Idaho Indian Encounters: The Unfriendly Kind

October 1, 1851  (Fort Hall)

A pack train guarded by a small company of men was traveling past Fort Hall when Shoshones, concealed in the brush along the trail, fired upon them.  The company disintegrated as eight men were killed and the rest fled.  The Indians took $1,000 in cash, $2,000 in property, and 12 horses.

August 19, 1854 Lake Massacre (Boise, Idaho)

A large emigrant train heading to Oregon had split up into three sections, and the last four wagons had fallen several miles behind.  About 70 miles southeast of the old Hudson's Bay company post of Fort Boise, 11 Shoshone Indians approached the group of 4 families and 2 unattached young men.  Ostensibly, the Indians sought to trade for whiskey.  The emigrants said they had none.  The Indians shook hands, appearing friendly, then opened fire, killing George Lake and fatally wounding two others in the party, Empson Cantrell and Walter G. Perry.  The emigrants returned fire and wounded two Indians.  The Shoshones stole five horses and rode off.

August 20, 1854 Ward Massacre (Caldwell, Idaho)

The day after the Lake Massacre (previous entry), the vanguard of the same large but dispersed wagon train to Oregon was about 25 miles southeast of Fort Boise on the Snake River Plain, just east of present-day Caldwell, Idaho, when a party of 30 Shoshones approached Alexander Ward's five-wagon train of 20 emigrants.  One Indian tried to take a horse by force, threatening an emigrant with his weapon.  The white man shot the Indian down, starting a slaughter.

The Shoshones killed Ward and raped and tortured several women, killing some.   They hung children by the hair over a blazing fire.  One boy, 13-year-old Newton Ward, was shot with an arrow and left for dead.  His 15-year-old brother, William, took an arrow through the lung but lived.  He hid in the brush until the Indians left, then wandered for five days until he reached Fort Boise.

While the massacre was taking place, a group of seven emigrants under Alex Yantis, backtracking in search of stray cows, saw the commotion.  They rushed in and rescued Newton Ward, but the Shoshones killed one of them, a young man named Amens, in the process.  Outnumbered, Yantis's party had to leave the few survivors to their fate while they raced to Fort Boise.  When the Indians left, they took 46 cows and horses and more than $2,000 in money and property.  A rescue party of 18 men arrived two days later, only to bury the mutilated bodies.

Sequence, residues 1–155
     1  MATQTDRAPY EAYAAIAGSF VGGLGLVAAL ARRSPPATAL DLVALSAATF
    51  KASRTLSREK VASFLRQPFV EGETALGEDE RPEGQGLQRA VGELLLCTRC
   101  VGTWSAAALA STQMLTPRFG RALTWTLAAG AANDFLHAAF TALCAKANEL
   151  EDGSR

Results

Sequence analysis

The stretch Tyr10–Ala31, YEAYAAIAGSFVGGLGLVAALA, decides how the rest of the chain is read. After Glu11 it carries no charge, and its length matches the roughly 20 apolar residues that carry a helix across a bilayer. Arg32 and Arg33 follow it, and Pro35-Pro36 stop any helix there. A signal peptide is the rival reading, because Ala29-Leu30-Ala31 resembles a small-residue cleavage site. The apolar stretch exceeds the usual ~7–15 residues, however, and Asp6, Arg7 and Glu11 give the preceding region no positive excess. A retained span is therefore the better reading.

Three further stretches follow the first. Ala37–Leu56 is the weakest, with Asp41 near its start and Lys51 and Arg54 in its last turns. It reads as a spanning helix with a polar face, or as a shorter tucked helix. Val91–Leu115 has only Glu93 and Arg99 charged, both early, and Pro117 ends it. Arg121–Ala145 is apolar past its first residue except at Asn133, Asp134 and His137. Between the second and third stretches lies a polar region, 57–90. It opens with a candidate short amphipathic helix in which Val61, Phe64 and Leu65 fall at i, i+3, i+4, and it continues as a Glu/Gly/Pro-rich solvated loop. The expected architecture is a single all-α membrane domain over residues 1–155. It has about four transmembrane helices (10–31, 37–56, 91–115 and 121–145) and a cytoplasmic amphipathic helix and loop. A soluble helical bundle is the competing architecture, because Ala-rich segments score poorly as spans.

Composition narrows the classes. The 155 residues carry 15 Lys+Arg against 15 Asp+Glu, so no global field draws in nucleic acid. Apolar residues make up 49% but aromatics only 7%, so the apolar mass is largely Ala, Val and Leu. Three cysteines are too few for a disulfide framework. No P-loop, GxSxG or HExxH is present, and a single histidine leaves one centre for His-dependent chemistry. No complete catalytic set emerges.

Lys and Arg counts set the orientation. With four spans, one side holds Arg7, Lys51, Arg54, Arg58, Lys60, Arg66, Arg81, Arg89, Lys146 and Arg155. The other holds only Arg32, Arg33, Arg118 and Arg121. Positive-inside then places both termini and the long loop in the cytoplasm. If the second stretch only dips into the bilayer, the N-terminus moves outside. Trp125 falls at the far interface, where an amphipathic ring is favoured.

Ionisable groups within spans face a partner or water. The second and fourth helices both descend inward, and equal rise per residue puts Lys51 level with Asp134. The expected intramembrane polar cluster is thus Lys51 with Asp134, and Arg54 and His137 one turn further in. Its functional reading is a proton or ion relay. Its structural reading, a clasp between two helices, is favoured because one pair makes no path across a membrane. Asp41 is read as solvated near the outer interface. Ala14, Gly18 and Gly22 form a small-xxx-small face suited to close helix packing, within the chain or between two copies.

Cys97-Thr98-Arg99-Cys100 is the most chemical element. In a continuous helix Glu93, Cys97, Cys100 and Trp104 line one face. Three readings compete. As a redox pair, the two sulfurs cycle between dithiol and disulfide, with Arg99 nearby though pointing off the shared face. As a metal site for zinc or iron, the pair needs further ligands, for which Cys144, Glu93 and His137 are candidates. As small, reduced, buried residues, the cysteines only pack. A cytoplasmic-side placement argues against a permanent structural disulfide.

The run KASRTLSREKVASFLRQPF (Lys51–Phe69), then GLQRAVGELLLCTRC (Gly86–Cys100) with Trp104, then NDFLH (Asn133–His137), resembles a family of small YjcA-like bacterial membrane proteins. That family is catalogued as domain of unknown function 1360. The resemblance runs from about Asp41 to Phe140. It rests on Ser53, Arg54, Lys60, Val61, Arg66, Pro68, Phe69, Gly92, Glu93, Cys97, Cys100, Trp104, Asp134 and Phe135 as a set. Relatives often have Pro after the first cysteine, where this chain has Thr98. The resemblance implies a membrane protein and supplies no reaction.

In addition to Amens, the Shoshones killed 18 of Ward's party.  Some Indians may have been wounded, but it is not known for sure.

July 15, 1855 Fort Boise (Parma, Idaho)

Still seeking to punish the Shoshones responsible for the Ward Massacre the year before (see August 20, 1854), Capt. Granville O. Haller took 150 men, mostly of the 4th. Infantry, from Forts Dalles and Vancouver east along the Oregon Trail.  The Indian agent for the Shoshones, Nathan Olney, accompanied the command.  Haller traveled from Fort Hall to Camas Prairie to Shoshone Falls, all the while sending word that he wanted a council with the tribes.  On July 15th at Fort Boise, 200 Indians gathered to hear Haller's words, but nothing came of it.

Meanwhile, Lt. Edward H. Day had captured 6 of the 30 murderers of the Ward party, although how he knew they were guilty is unknown.  Three of the captives tried to escape and were shot down.  A military commission tried and convicted the other three.   They were taken 25 miles southeast of the fort to the site of the Ward killings and, on July 18th. were hanged over the graves of their purported victims.  After the hangings, T.J. Dryer, editor of the Portland Weekly Oregonian, said, "Our regret is that they did not shoot the whole tribe."

February 25, 1858 Fort Lemhi (Baker, Idaho)